The Rise of the Mega Fund

Massive billion dollar plus mega funds are capturing a record share of venture capital as VC firms chase multi stage deals, expand abroad and finance pre-IPO companies.

Seven of these funds closed in the past year and a half and accounted for more than a third of all venture capital raised through June.

The concentration of capital is even greater if firms that raised separate funds exceeding $1 billion in combined capital are included in the total. Add in these funds and 56% of capital raised went into big dollar firms.

VCJ published a story cataloging the rise of the mega fund in its October issue. Here are the calculations behind the article.

In the accompanying chart, we list the mega funds of $1 billion or more raised from the start of 2011 through mid-year 2012. We also list the firms with multiple funds that crack the billion-dollar mark.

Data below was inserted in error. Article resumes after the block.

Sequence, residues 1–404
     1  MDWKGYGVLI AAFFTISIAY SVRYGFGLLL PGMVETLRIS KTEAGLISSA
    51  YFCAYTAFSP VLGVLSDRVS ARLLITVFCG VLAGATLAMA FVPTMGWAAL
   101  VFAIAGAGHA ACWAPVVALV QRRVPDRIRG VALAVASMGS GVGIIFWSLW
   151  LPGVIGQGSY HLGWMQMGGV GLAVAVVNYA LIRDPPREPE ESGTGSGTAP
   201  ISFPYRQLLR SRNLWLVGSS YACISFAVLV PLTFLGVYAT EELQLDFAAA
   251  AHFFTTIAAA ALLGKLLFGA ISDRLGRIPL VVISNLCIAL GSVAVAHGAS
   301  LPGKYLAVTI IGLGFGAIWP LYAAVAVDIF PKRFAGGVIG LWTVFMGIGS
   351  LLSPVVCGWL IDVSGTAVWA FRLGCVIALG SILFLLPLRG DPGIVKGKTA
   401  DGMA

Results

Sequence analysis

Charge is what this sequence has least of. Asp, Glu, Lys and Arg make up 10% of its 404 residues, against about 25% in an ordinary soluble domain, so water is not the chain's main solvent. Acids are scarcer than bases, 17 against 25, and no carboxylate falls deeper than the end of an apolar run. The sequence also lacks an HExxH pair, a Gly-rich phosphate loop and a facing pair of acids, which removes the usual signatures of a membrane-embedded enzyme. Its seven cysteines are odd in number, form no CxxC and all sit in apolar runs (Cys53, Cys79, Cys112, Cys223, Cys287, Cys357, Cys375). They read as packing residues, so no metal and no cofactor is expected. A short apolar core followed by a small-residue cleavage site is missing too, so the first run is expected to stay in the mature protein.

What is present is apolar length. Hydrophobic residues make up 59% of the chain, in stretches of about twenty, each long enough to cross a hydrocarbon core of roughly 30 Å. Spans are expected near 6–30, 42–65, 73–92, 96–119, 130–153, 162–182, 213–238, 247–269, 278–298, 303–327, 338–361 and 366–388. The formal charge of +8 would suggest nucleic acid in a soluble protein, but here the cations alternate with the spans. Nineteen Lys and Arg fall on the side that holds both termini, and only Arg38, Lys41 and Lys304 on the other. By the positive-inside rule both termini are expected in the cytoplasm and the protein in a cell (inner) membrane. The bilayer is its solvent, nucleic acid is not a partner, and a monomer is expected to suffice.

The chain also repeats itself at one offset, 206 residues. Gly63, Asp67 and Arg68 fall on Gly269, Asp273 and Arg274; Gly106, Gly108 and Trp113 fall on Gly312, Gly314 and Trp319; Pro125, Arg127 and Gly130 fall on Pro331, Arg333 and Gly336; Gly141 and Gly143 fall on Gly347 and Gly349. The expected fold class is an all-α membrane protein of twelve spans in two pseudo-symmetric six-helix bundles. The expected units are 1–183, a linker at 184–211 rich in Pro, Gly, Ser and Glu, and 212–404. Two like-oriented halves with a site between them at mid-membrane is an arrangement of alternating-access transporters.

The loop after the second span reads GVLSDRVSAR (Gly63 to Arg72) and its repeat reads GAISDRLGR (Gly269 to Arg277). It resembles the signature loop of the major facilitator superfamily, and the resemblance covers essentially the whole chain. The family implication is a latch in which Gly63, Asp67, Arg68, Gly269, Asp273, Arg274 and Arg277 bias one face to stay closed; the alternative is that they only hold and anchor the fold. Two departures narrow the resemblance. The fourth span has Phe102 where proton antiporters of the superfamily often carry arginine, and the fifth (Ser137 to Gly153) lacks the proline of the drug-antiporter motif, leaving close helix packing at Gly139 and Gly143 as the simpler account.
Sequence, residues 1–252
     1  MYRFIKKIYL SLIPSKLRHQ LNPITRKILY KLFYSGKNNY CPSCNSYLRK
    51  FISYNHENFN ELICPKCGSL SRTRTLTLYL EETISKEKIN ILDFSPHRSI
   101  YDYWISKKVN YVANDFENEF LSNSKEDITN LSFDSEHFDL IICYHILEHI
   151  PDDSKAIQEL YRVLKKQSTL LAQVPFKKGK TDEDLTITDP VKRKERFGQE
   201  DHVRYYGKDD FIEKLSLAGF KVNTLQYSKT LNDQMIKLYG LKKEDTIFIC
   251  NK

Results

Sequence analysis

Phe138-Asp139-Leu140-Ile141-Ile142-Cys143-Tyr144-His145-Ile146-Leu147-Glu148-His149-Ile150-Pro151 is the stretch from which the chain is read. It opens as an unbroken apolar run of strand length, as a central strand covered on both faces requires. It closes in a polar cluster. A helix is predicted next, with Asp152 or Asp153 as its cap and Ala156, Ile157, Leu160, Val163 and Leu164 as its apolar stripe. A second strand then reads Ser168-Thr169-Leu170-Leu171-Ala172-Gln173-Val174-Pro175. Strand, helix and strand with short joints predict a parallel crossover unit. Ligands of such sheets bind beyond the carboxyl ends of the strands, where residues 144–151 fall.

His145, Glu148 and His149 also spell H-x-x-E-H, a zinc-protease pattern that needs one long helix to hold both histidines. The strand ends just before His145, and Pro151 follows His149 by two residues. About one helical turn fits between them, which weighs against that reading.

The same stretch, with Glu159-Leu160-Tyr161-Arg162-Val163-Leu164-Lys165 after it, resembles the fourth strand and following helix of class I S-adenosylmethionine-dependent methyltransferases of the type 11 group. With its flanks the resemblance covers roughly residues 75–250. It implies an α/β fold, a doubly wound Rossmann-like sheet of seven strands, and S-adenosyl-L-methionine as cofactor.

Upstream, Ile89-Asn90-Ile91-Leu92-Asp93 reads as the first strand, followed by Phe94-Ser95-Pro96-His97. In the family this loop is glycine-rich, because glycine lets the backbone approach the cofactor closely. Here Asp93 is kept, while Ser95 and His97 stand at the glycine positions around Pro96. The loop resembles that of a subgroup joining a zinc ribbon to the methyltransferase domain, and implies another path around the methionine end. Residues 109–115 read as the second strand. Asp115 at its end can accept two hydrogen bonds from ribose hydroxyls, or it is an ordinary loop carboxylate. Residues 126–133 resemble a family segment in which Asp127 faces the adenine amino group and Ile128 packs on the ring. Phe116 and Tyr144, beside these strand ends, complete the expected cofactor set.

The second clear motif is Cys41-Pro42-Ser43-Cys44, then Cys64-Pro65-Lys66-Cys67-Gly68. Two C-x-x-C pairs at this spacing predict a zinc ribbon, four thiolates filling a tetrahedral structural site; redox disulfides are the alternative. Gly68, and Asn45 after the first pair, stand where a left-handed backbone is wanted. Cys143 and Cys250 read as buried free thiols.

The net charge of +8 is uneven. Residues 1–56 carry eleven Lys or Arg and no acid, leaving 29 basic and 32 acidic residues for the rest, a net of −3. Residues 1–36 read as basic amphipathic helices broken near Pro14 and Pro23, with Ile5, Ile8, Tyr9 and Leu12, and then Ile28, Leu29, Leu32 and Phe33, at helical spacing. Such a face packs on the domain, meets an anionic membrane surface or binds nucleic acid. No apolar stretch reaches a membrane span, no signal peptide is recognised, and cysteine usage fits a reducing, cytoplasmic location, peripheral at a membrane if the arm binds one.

The firms are some of the biggest names in the business: New Enterprise Associates, Sequoia Capital, Andreessen Horowitz, Khosla Ventures, Accel Partners and Institutional Venture Partners.

Together, their mega funds have raised $10.3 billion of the $29.7 billion in capital collected during the period, or 35% of the total. Firms with multiple funds that when added together create mega funds raised $6.4 billion.

Few issues are more significant for the venture ecosystem than the concentration of capital. Many VCs question whether these large funds can generate attractive returns. The answer could help determine whether LPs brighten their view of the asset class.

Equally important is the potential shift in industry control to a small number of firms, should the flood of cash to big funds continue. Venture capital has traditionally been a fragmented industry with practitioners carving out their own operating spaces.

Like many other aspects of finance, it appears to be maturing and consolidating.

Photo: A pile of newly minted one dollar coins at the U.S. Mint. Reuters/Jim Young.